This little sandpiper took some digging into the field guides to identify. The Least Sandpiper is the smallest shorebird in the world at 5-6 inches long. It has short yellow legs, an all black, slightly downturned bill, and warm chestnut shading on its back and crown. He was feeding along the shoreline of the marsh.
The striking yellow and black Goldfinch is easy to identify. Be sure to use a telephoto lens, if you are taking pictures of it on this plant. The deceivingly pretty, lacy yellow flowers of Wild Parsnip, adorn a plant that will burn a human’s skin. Brushing against the leaves, in combination with sunlight, causes redness and blisters.
Do you have a favorite field guide to birds? Let us know in the comments section. The little library located at the Horicon Marsh Education and Visitor Center is stocked with a variety of field guides available to be used while you visit the marsh.
A sea of cheery yellow Wild Parsnip is a pretty backdrop to the purple and pink blooms of clover and milkweed. Don’t give in to the temptation to pick a bouquet! Oils from the leaves of Wild Parsnip that get on your skin, combined with sunlight, cause a painful rash and blisters. Stay on the trails when you are hiking to avoid contact with this plant. David J. Eagan highlights the chemicals involved in causing the skin burns and how to treat it in his article “Burned by Wild Parsnip.” The Wisconsin DNR has more pictures of Wild Parsnip in its invasive species photo gallery. An excellent article that outlines methods for controlling this pesky plant can be found on the Integrated Pest and Crop Management website.
The Waved Sphinx Moth is normally nocturnal, but this one was resting in the shade on this 93 degree day at the Horicon Marsh. He is over 3 inches long. The white spot in the middle of the forewing is a reliable field mark. This common moth can fly up to 12 mph. They use their long tongues to eat nectar from tubular flowers. Their caterpillars are called hornworms because of the horn or spur that protrudes from their posterior. The main host plant is the ash tree. Unfortunately, Emerald Ash Borers are destroying this important host. The Wisconsin Department of Natural Resources provides information about what we can do to preserve our valuable ash trees to facilitate the survival of species like the Waved Sphinx Moth.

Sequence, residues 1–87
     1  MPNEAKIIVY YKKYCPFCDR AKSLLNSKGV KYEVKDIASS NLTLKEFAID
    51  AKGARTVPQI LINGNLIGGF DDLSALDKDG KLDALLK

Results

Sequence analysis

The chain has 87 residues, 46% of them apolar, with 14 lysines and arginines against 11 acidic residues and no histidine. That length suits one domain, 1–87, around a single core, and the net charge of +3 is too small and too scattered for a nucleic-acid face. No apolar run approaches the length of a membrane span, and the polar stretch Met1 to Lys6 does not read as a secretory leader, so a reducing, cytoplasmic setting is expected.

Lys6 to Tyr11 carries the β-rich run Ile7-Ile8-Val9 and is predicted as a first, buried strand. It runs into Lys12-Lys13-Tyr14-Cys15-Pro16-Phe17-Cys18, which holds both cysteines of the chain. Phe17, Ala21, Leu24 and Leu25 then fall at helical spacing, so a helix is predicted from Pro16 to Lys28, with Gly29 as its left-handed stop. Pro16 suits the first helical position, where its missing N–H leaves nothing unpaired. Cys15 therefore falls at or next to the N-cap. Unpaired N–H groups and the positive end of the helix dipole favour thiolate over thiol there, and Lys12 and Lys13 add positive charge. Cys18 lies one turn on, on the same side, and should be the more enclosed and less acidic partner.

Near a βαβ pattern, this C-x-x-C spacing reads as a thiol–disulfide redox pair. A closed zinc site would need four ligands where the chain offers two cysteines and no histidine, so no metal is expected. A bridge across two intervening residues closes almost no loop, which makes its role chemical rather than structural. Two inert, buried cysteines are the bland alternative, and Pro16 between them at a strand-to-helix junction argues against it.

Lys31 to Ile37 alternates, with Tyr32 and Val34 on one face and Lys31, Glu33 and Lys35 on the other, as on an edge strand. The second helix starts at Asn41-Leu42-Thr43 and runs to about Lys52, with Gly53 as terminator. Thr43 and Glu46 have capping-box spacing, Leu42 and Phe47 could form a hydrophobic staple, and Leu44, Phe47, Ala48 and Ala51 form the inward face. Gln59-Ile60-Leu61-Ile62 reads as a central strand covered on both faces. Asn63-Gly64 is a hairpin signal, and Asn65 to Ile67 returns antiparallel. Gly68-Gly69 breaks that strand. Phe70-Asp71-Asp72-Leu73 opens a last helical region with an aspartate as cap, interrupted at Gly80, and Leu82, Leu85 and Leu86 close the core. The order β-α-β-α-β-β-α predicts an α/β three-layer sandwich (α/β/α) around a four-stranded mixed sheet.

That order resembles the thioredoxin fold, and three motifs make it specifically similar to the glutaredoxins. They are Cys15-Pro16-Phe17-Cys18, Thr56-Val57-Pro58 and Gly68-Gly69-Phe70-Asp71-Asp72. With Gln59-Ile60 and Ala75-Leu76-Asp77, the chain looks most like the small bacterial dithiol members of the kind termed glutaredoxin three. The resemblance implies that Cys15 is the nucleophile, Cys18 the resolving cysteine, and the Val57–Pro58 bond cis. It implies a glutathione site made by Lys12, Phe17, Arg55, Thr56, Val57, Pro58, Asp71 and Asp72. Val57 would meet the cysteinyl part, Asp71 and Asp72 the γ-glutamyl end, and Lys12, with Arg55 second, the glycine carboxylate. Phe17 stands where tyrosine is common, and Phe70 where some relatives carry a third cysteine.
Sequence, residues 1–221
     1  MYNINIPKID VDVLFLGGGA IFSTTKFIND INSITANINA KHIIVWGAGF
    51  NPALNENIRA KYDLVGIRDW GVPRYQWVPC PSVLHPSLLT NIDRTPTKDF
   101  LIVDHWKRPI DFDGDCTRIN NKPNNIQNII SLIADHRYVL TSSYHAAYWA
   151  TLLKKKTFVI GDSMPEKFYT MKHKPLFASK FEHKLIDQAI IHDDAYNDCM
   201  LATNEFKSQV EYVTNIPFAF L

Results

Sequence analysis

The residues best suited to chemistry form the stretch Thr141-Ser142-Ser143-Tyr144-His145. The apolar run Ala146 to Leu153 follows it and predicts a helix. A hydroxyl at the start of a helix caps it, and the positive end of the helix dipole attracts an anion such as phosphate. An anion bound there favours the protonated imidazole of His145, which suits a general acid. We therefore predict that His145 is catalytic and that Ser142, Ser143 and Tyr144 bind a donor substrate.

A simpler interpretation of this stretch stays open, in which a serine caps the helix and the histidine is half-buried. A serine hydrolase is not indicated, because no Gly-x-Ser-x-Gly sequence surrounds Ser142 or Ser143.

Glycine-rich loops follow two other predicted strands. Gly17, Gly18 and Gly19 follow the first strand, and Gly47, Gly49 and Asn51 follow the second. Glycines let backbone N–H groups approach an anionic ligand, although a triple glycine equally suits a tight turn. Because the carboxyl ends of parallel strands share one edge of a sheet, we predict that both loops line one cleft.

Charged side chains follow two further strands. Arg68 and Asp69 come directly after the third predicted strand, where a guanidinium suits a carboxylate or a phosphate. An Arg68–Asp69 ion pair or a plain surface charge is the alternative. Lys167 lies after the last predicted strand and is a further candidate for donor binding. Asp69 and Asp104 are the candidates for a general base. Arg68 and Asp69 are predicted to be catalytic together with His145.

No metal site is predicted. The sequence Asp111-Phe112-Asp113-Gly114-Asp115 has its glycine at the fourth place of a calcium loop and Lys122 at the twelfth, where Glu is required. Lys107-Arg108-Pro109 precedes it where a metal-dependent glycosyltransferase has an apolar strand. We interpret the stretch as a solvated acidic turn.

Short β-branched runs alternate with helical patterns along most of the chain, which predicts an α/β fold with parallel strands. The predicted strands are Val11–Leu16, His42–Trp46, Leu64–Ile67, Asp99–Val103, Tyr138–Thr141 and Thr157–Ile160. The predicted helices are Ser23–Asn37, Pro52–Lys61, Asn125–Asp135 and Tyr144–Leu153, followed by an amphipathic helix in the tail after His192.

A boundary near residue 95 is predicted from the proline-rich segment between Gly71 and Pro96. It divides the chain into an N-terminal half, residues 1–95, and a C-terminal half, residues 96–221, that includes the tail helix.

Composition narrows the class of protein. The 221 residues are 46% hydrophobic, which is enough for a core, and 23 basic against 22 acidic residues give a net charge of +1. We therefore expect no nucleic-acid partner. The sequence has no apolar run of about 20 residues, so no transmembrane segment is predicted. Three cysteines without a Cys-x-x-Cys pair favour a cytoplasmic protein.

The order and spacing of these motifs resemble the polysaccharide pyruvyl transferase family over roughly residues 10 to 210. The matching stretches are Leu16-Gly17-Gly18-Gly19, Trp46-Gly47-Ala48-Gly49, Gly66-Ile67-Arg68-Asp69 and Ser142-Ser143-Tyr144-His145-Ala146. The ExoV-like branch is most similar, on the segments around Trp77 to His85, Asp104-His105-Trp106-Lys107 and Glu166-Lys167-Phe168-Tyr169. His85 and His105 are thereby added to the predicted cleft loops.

The Gray Catbird, with its understated beauty, is named for its call. It sounds like a young kitten mewing. It can also “imitate the vocalizations of over 40 bird species, at least one frog species and several sounds produced by machines and electronic devices,” according to the American Museum of Natural History Birds of North America: Eastern Region. Amazingly, it can sing two notes simultaneously. Some of us would be happy to sing one note well.
Shorebirds can be difficult to identify. The Dunlin has a large, square, black patch on its abdomen, as part of its adult breeding plumage, making it easy to recognize. The Black-necked Stilt has striking black and white plumage with thin pink legs. This is prime nesting time at the Horicon Marsh and a wide variety of birds can be seen with their stunning breeding plumage.
The intensely gazing Palm Warbler makes only a brief stop before darting to his next perch. Palm Warblers are one of the northernmost breeding of all warblers. They winter in the south and they got their name when they were discovered on a Caribbean island filled with palm trees.
The Blackpoll Warbler is the only warbler that breeds farther north than the Palm Warbler. The Blackpoll Warbler is one of the last warblers to arrive in the spring. “The Blackpoll is said to be one of the most beneficial of warblers, fairly gorging itself on cankerworms,” according to American ornithologist Florence Merriam. There’s a fun fact to share with friends.
This Common Yellowthroat flitted among the tangled branches of shrubs along the edge of the Marsh.
This American Robin ate a few too many earthworms while he was watching the antics of the warblers at the Horicon Marsh.
You can still participate in activities for the bird festival continuing today and tomorrow.
Warblers were active at the Horicon Marsh this evening singing and flitting among budding shrubs and trees. The Yellow Warbler was aptly described as “a bit of feathered sunshine” by ornithologist Frank Chapman.
The male Yellow-rumped “Myrtle” Warbler has patches of yellow on his crown, side, and rump.
It is called the Myrtle Warbler because it is the only warbler that uses special enzymes to digest the waxes found in bayberries and wax myrtles. It’s ability to digest these fruits allows it to spend the winter farther north than other warblers.
Canada Goose goslings are becoming more abundant. The Horicon Marsh Bird Festival starts Thursday, May 10th and continues through Monday, May 14th. It is a wonderful opportunity to see over 200 bird species that visit the Horicon Marsh.